Skin

25 August 2011

Breastfed babies may still get eczema

Exclusive breast-feeding of infants for four months or longer does not protect them against developing the itchy skin disorder known as eczema in childhood, new research shows.

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Exclusive breast-feeding of infants for four months or longer does not protect them against developing the itchy skin disorder known as eczema in childhood, new research shows.

In exclusive breast-feeding, an infant receives only breast milk, with no additional food or drink, according to the World Health Organization. Exclusive breast-feeding up to 6 months of age is recommended by a number of agencies, including the WHO and the US Department of Health and Human Services.

But until now, little has been known about how prolonged exclusive breast-feeding affects eczema risk in children.

Researchers examined data from 51,119 children aged eight to 12 years in 21 countries in Africa, Asia, Europe and Latin America, and found that those who were exclusively breast-fed for four months or longer were as likely to develop eczema as those who were breast-fed for a shorter length of time.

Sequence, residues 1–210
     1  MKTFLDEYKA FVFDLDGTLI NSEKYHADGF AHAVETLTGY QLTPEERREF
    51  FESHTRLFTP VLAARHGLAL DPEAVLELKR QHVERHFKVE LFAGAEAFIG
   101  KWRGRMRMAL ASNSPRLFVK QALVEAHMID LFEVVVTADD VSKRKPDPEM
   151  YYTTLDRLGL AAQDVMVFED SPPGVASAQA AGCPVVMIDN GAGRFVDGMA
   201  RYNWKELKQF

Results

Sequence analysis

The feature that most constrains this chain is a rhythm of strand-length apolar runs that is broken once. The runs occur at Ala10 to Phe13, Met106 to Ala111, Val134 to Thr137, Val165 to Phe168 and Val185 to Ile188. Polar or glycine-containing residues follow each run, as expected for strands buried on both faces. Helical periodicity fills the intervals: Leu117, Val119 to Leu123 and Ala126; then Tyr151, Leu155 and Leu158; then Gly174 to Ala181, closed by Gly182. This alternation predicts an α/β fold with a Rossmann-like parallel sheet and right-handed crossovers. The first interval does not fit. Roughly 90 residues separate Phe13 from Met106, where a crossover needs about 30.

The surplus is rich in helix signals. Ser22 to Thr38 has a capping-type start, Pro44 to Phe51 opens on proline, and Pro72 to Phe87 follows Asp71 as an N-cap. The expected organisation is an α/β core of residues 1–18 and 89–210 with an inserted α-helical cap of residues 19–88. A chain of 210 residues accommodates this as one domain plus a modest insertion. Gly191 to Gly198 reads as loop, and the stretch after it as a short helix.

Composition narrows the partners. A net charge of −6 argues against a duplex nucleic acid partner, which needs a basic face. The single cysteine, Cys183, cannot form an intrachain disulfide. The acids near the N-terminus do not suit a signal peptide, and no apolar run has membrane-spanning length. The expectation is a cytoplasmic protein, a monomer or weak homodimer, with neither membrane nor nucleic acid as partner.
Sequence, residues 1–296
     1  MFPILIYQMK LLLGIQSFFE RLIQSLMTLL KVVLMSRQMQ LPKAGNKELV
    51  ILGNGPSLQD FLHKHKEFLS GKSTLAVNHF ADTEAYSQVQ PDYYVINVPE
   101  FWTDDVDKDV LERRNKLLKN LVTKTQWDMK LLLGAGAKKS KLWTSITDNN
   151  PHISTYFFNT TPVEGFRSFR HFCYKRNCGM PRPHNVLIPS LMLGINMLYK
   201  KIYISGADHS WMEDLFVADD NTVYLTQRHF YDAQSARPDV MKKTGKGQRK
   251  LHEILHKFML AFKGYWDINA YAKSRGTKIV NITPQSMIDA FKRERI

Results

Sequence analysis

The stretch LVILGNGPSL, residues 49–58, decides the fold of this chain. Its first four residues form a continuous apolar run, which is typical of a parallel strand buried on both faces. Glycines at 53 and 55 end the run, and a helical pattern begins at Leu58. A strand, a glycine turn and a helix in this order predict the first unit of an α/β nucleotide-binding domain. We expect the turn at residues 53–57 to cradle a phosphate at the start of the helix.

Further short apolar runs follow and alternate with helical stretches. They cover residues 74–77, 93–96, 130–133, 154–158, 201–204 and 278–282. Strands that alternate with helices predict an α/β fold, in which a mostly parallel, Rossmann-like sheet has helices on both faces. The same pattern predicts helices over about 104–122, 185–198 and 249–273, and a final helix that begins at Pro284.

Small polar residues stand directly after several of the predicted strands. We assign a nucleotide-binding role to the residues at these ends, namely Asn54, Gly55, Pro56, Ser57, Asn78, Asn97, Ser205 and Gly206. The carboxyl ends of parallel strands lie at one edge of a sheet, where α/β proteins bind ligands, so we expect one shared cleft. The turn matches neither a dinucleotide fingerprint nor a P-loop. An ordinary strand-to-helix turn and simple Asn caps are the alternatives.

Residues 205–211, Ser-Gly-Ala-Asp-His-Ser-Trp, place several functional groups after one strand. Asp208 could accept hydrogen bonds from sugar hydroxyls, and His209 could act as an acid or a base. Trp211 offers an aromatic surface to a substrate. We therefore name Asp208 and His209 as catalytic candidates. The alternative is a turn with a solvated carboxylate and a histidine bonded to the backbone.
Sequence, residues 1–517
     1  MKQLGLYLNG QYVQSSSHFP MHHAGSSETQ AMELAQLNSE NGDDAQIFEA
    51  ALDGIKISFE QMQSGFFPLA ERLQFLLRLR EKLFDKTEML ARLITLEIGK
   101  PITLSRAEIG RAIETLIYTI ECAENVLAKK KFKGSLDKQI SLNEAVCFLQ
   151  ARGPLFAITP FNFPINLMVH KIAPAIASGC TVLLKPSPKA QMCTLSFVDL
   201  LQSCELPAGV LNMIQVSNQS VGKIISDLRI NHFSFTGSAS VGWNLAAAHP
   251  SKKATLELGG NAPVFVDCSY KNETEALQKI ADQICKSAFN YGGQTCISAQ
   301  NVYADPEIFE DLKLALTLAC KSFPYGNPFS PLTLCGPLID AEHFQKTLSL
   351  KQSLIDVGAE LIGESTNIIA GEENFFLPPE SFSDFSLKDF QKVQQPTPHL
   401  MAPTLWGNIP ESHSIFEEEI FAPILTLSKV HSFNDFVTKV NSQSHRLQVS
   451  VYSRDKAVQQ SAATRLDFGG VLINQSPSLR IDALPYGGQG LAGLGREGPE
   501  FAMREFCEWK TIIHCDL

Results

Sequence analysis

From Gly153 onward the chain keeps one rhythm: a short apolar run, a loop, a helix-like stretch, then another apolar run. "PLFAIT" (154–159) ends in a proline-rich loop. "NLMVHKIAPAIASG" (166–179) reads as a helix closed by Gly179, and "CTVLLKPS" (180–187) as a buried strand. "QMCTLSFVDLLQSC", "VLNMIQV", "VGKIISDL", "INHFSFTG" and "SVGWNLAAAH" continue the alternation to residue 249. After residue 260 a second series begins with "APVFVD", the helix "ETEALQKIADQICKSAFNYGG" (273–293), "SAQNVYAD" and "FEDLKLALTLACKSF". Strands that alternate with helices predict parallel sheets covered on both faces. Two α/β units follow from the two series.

Breast-feeding and eczema

The study, which was led by researchers at King's College London in the United Kingdom, is published in the online edition of the British Journal of Dermatology.

While prolonged exclusive breast-feeding may not reduce the risk of eczema, there is no question that breast-feeding offers many other health benefits to infants, the researchers emphasised.

"It is widely accepted that breast milk is the most important and appropriate nutrition in early life. Especially in the context of developing countries it is also important to keep in mind that exclusive breast-feeding reduces the risk of gastrointestinal infections compared to mixed or bottle feeding. Our study does not change this notion," Dr Carsten Flohr, of King's College London, said.

More information

The American Academy of Pediatrics has more about eczema in children.


(Copyright © 2010 HealthDay. All rights reserved.)

 

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Dr Suretha Kannenberg holds a degree in Medicine and a Masters in Dermatology from the University of Stellenbosch. She is employed as a consultant dermatologist by Stellenbosch University and Tygerberg Academic Hospital, where she is involved in clinical duties and the training of medical students and dermatology residents. Her areas of interest and research include vitiligo, eczema and acne. She also performs limited private practice work in the Northern suburbs of Cape Town in general and cosmetic dermatology.

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